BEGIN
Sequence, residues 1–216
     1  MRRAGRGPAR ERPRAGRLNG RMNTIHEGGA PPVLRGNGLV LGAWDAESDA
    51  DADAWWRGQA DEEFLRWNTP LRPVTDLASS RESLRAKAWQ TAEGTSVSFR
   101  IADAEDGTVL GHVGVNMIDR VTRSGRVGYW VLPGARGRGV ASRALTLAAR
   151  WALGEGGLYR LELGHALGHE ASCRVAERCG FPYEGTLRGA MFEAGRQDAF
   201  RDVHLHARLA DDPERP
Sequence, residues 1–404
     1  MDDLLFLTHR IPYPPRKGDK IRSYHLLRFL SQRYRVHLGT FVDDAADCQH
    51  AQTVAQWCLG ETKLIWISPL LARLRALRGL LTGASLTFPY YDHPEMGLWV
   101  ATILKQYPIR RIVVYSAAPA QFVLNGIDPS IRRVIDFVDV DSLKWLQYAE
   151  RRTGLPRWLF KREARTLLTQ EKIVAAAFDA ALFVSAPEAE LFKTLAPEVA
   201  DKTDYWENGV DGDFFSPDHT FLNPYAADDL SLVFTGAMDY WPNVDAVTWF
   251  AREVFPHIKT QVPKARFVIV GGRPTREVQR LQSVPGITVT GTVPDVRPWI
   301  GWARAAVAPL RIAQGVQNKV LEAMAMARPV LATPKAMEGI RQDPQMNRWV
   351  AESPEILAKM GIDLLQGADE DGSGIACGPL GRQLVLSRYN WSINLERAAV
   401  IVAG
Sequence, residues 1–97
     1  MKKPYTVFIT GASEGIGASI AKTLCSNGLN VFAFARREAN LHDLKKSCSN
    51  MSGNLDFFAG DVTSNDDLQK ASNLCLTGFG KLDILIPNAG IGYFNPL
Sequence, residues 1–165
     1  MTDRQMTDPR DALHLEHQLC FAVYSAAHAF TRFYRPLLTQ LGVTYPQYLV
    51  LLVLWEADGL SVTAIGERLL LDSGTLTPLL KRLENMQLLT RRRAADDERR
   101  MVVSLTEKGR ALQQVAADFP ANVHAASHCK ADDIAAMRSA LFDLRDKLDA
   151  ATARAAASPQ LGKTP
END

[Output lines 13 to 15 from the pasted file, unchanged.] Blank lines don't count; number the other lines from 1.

   251  AREVFPHIKT QVPKARFVIV GGRPTREVQR LQSVPGITVT GTVPDVRPWI
   301  GWARAAVAPL RIAQGVQNKV LEAMAMARPV LATPKAMEGI RQDPQMNRWV
   351  AESPEILAKM GIDLLQGADE DGSGIACGPL GRQLVLSRYN WSINLERAAV